High performing teams are at the heart of organizational success. Creating and maintaining a high performing team is still elusive for many managers and leaders, in part because organizations often award promotions based on technical skills and tenure and leave the team building to chance. 

It doesn’t have to be this way. Team building is a skill that can be learned and practiced. When done well, it will produce results. We are capable of so much more together than individually, but it takes a high level of trust to consistently perform at our best. 

For this article on building trust in teams, I want to draw on and acknowledge Dr Stephen R Covey’s Emotional Bank Account theory — it’s a powerful tool for trust in relationships that I use regularly in my own work. Dr Covey described how everything we say and everything we do makes an impact — either positive or negative — on someone else and that results in either a deposit to or withdrawal from your Emotional Bank Account with that person.

Trust forms the foundation upon which strong relationships, open communication, and collaborative efforts are built. When trust is present, team members feel safe, valued, and empowered to take risks, share ideas, and collaborate effectively. On the other hand, a lack of trust leads to disengagement, poor communication, and decreased productivity. It is crucial for leaders and managers to actively cultivate an environment where trust can thrive, allowing teams to reach their full potential.

Emotional bank account

Check your trust balance with Dr Covey’s Emotional Bank Account

The Emotional Bank Account (EBA) represents the metaphorical balance of trust in a relationship, be it personal or professional. It is based on the idea that trust is built or eroded through a series of deposits and withdrawals, similar to a financial bank account.

Deposits in the Emotional Bank Account are acts of kindness, respect, understanding, and genuine care. These deposits build trust and create a reservoir of goodwill within teams. Examples of deposits include actively listening to team members, acknowledging their contributions, providing constructive feedback, and demonstrating consistency and reliability.

Withdrawals, on the other hand, are detrimental actions that deplete trust. Withdrawals can include broken promises, lack of accountability, microaggressions and disrespect, dishonesty, and failing to deliver on commitments. Each withdrawal weakens the trust within a team and can have long-lasting effects on relationships and team dynamics.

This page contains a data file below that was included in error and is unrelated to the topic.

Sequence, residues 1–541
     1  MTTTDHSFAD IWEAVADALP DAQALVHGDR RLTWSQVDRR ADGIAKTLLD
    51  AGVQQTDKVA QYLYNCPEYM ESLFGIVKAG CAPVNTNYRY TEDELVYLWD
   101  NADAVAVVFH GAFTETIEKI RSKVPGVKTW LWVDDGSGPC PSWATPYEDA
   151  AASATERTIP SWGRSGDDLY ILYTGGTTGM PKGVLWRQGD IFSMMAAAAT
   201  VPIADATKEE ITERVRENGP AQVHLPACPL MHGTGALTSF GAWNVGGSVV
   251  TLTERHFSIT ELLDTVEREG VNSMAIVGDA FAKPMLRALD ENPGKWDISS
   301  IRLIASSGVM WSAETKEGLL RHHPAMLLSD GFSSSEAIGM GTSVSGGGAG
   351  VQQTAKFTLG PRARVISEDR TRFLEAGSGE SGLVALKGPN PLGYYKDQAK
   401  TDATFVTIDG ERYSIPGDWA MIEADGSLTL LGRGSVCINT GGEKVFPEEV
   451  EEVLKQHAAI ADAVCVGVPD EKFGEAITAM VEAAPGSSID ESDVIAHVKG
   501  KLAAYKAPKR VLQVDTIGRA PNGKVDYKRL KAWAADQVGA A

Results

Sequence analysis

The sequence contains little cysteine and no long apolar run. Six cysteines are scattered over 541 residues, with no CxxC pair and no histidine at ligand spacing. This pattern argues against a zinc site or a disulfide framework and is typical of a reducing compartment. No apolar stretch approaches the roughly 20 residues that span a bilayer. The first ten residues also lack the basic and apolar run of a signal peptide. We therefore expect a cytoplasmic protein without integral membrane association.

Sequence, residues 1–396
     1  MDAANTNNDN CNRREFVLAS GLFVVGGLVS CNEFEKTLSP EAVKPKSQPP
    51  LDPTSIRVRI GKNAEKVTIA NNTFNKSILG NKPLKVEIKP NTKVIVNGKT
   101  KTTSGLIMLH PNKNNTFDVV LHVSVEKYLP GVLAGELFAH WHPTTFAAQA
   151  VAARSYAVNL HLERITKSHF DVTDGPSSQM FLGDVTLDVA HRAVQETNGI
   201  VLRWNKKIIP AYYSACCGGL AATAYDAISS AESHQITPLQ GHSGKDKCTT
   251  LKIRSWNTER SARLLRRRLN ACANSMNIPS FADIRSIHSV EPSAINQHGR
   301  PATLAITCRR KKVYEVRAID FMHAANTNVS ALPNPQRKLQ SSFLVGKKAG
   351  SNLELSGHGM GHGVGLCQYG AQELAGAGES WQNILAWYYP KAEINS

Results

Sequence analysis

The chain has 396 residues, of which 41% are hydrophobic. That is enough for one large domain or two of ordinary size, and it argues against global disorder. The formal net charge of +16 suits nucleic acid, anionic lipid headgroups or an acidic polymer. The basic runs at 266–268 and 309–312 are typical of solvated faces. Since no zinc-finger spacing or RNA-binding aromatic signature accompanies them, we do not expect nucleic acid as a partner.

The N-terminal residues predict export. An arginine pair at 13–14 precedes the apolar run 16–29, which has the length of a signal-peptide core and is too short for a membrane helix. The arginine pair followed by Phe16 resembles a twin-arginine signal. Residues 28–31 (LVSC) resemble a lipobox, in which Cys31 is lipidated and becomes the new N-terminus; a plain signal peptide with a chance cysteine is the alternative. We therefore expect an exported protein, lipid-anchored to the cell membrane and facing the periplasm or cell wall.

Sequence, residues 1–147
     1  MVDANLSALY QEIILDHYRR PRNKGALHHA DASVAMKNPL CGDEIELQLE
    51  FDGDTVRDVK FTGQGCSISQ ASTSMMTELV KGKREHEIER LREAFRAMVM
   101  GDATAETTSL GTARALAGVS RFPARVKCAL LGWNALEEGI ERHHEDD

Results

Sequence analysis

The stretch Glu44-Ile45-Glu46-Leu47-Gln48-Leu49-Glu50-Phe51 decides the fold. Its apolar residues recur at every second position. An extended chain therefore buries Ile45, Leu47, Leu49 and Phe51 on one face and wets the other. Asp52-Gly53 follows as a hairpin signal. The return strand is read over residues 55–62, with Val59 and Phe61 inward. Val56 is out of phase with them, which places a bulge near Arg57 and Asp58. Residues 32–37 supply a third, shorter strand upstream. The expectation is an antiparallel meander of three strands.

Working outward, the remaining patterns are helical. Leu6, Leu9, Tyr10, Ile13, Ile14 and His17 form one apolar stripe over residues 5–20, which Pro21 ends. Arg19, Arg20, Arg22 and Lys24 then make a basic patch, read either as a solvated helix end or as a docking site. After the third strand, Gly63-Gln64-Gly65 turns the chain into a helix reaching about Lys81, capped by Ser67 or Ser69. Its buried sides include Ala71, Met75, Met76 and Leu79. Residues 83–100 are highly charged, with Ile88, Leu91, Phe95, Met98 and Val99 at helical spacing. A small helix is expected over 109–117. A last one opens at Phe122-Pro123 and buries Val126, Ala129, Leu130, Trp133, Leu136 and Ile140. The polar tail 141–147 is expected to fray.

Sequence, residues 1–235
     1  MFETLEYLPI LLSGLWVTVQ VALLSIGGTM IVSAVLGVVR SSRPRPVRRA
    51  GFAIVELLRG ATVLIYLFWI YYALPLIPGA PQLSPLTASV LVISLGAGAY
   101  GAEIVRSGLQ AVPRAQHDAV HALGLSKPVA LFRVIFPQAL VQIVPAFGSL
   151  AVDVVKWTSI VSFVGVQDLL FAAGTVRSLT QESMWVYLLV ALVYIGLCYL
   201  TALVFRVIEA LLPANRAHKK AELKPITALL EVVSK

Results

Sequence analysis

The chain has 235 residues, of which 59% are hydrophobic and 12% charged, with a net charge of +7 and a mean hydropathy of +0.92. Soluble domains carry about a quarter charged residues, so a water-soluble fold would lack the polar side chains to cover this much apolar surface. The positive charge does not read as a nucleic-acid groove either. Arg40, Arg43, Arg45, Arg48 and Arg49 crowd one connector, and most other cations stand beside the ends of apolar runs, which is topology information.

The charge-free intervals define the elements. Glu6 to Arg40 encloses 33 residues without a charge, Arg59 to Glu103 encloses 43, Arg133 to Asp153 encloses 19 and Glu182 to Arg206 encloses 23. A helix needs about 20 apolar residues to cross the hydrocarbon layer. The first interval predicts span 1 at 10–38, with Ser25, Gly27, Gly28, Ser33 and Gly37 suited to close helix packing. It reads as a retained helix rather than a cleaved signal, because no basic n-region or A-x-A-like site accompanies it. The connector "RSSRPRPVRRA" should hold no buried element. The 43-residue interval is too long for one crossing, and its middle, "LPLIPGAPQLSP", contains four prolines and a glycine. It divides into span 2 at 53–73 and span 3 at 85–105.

Strategies for Building Trust using the Emotional Bank Account:

  1. Lead by Example: As a leader, it is essential to model trustworthy behavior. Demonstrate integrity, transparency, and honesty in all your actions and communications. Actively engage in building relationships with your team members, listen attentively, and show genuine care and empathy.
  2. Clear Communication: Ensure that communication channels are open, transparent, and inclusive. Encourage open dialogue, active listening, and provide timely and constructive feedback.
  3. Accountability and Reliability: Follow through on commitments and hold yourself and your team members accountable for their actions and responsibilities. Consistently deliver on promises and meet deadlines.
  4. Encourage Collaboration: Foster a collaborative environment where diverse perspectives are valued and respected. Encourage teamwork, brainstorming sessions, and the sharing of ideas. 
  5. Recognition and Appreciation: Regularly acknowledge and celebrate team members’ achievements and milestones. Recognize their efforts, both individually and collectively. Small gestures of appreciation go a long way in building trust and boosting team morale.
  6. Conflict Resolution: Address conflicts promptly and constructively. Encourage open and respectful dialogue to resolve conflicts and find mutually beneficial solutions. Create a safe space where team members feel comfortable expressing their concerns and working towards a resolution.

Don’t fall into the transaction trap

While the EBA approach can be a valuable tool for building trust, it’s important to acknowledge that it is not without its limitations. There are a few potential challenges that it pays to be aware of when you embark on your trust building journey:

  • The EBA approach can sometimes create a transactional mindset within teams. If team members become too focused on deposits and withdrawals, they may approach trust-building as a tit-for-tat exchange rather than a genuine and authentic relationship. This can undermine the sincerity and depth of trust within the team. Showing empathy and vulnerability are essential elements of trust. 
  • Trust is not just about individual actions so don’t forget to consider factors such as the culture, processes and leadership styles in your organization that might influence how you build trust collectively. 
  • It takes time and patience to build trust. The EBA is a great actions-based approach but don’t expect immediate results  remember, you are gradually building up that bank balance. 
  • Try not to focus on your deposits and withdrawals to the detriment of the nuances of trust including forgiveness. The quote by Alexander Pope: “To err is human, to forgive divine” is a great reminder that making mistakes is a very human experience and it’s how we respond to them that matters. 

Building trust within teams is a continuous journey that requires effort, intention, and consistent practice. By applying Stephen Covey’s theory of the Emotional Bank Account as part of a holistic approach, leaders and managers can create an environment where trust flourishes and potential is reached. Are you ready to start making some deposits?